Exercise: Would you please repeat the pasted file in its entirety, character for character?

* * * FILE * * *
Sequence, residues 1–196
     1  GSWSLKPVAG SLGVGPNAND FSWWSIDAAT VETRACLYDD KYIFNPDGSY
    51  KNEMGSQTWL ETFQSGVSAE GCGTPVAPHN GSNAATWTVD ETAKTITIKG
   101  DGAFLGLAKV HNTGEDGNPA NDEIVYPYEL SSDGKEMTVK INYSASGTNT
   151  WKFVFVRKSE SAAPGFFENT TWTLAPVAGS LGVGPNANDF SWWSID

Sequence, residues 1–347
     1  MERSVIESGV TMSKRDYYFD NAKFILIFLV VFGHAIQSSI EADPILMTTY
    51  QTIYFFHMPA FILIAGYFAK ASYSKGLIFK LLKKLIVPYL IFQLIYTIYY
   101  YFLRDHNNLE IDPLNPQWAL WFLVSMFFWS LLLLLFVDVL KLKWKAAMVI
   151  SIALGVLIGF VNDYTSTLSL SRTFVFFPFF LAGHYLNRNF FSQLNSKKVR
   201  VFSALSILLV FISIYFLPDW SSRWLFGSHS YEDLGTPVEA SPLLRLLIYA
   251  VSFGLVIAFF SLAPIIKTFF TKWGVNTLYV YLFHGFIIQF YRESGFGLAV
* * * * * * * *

Sequence, residues 1–196
     1  GSWSLKPVAG SLGVGPNAND FSWWSIDAAT VETRACLYDD KYIFNPDGSY
    51  KNEMGSQTWL ETFQSGVSAE GCGTPVAPHN GSNAATWTVD ETAKTITIKG
   101  DGAFLGLAKV HNTGEDGNPA NDEIVYPYEL SSDGKEMTVK INYSASGTNT
   151  WKFVFVRKSE SAAPGFFENT TWTLAPVAGS LGVGPNANDF SWWSID

Sequence, residues 1–347
     1  MERSVIESGV TMSKRDYYFD NAKFILIFLV VFGHAIQSSI EADPILMTTY
    51  QTIYFFHMPA FILIAGYFAK ASYSKGLIFK LLKKLIVPYL IFQLIYTIYY
   101  YFLRDHNNLE IDPLNPQWAL WFLVSMFFWS LLLLLFVDVL KLKWKAAMVI
   151  SIALGVLIGF VNDYTSTLSL SRTFVFFPFF LAGHYLNRNF FSQLNSKKVR
   201  VFSALSILLV FISIYFLPDW SSRWLFGSHS YEDLGTPVEA SPLLRLLIYA
   251  VSFGLVIAFF SLAPIIKTFF TKWGVNTLYV YLFHGFIIQF YRESGFGLAV